fredag 30. januar 2015

Hooked on Hillforts

Patrik on the top of "The Castle near the Farm by the Bog".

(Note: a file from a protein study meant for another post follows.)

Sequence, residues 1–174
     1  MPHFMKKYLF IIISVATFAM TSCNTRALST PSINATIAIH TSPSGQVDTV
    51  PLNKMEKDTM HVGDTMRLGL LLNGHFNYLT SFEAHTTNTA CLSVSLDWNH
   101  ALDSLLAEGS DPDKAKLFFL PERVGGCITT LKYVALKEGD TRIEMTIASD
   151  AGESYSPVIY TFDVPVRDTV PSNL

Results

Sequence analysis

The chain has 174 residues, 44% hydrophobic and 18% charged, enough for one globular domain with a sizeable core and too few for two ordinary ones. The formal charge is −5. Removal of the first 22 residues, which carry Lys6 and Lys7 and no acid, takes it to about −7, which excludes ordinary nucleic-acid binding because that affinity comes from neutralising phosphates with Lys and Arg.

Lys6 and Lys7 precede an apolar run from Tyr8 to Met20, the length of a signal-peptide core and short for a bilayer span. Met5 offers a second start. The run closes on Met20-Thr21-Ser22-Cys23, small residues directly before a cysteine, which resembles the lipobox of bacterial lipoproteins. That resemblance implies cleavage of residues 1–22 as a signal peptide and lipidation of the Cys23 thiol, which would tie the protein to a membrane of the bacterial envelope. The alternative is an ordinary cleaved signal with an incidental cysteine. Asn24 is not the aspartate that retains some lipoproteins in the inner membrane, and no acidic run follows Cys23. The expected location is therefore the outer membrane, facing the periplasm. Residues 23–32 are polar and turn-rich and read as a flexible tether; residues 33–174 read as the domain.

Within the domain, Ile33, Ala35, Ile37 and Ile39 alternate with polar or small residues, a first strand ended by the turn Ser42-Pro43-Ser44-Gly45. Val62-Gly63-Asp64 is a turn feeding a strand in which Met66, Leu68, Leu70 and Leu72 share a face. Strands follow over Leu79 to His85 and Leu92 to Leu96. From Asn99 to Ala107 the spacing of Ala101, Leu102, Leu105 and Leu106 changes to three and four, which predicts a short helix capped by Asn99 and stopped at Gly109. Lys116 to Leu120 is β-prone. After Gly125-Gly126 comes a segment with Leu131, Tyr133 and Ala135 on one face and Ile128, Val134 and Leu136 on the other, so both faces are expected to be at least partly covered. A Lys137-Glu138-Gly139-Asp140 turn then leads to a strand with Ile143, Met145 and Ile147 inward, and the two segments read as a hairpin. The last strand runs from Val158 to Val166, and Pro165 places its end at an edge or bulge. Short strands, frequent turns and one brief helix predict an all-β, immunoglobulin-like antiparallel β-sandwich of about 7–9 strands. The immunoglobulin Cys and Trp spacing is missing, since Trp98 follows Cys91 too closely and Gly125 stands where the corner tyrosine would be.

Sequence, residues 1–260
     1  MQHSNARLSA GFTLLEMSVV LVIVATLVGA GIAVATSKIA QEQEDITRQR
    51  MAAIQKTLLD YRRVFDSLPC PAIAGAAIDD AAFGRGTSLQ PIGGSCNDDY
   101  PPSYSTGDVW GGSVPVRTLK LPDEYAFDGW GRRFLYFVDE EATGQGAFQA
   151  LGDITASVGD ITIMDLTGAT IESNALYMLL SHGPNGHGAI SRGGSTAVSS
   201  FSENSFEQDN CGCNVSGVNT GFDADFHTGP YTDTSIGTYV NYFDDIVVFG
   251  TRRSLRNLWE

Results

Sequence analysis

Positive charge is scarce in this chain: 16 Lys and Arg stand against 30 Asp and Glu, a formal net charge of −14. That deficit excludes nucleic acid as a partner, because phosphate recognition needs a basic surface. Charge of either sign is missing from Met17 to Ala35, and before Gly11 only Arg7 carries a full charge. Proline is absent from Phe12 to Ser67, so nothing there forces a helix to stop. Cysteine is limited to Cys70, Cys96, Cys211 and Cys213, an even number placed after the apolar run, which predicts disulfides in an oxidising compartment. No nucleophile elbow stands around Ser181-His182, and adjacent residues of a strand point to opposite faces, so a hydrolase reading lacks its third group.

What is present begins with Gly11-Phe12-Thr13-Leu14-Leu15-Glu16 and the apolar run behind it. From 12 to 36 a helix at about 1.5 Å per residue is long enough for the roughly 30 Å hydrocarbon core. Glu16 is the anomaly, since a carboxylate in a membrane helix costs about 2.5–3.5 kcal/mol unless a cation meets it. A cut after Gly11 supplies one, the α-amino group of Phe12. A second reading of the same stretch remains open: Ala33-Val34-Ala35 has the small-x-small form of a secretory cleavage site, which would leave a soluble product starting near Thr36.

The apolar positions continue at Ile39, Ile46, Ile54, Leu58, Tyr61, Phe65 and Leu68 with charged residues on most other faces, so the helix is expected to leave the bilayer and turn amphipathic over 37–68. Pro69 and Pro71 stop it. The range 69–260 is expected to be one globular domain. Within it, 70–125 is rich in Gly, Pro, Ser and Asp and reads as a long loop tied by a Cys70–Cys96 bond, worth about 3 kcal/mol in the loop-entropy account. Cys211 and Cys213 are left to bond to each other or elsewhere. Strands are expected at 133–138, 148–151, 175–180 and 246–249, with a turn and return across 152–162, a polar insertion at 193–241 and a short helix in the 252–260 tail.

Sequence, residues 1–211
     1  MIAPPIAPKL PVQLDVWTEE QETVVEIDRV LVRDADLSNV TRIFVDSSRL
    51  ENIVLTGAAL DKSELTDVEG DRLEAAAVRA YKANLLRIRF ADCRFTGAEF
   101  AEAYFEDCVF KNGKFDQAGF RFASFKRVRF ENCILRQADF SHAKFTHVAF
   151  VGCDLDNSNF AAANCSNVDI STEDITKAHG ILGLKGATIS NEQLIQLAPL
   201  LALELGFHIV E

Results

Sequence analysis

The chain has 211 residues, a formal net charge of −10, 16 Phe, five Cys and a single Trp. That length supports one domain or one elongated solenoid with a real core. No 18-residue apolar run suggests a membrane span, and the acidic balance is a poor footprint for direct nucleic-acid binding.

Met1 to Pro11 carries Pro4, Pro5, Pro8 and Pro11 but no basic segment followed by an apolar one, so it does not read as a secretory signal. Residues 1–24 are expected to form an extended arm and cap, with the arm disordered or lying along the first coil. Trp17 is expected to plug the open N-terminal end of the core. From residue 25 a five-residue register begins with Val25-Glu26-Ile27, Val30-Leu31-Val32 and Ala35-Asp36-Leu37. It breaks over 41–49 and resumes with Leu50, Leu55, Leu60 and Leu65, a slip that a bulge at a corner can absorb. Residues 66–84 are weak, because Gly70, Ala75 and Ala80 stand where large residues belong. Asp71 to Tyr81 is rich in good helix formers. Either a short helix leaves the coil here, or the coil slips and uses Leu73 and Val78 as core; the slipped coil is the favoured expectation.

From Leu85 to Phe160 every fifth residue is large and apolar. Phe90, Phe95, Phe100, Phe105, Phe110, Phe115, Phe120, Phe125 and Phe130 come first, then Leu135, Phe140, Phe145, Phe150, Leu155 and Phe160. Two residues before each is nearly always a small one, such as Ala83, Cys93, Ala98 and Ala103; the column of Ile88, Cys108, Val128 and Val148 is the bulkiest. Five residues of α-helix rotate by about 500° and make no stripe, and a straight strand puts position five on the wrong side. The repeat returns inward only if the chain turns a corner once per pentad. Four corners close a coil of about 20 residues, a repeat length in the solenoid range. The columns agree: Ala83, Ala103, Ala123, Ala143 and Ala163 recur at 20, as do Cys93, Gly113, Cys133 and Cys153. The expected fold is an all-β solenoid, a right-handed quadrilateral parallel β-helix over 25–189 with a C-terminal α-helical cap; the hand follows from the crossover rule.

My dear fiancée Thomas read in the local newspaper for a good while ago, that "Eiker" (The Land of the Oaks 1) history group invited to a lecture by archaeologist Tryggve Bernt. He had written a thesis on four specific hill forts in the area and would now present it at an open meeting at "Ormåsen(Serpent Hill1) School". Since we live a five minutes walk from this particular school it was very convenient for me to join the meeting, so I threw myself on the phone to my best friend, Tina, and said that she just had to rearrange her schedule, because we are going to a lecture.  As the history-geek I am, I've been roaming around in Norse stories of heroes and gone astray in the Eddas more than once, but isn't that the way it should be? Those things that are close to us are those things we don't take the hassle of exploring? I grew up on "Fossum" (The Farm by the Waterfall1), on "Varlo"2 with "Myhre Castle" (The Castle near the Farm by the Bog1) as my nearest neighbor, but I have never bothered to visit this monument, I have always heard that there are only a few stacked rocks there, and I have always wanted to get myself further into the woods. To the "Hoen's Lake" (The Lake belonging to the Farm with the Hof3) and "Holtefjell" (The Mountain of the Farm by the Traveller's Resting Place1) and the main hiking paths, and then I have taken the other way up to the mountains past "Bermingrudmoen" (The Flat Heath in the Forest that belongs to the Farm that has been cleared at the Edge6)  and "Himsjø" (The Closest Lake to Home1), because this was the shortest way for me.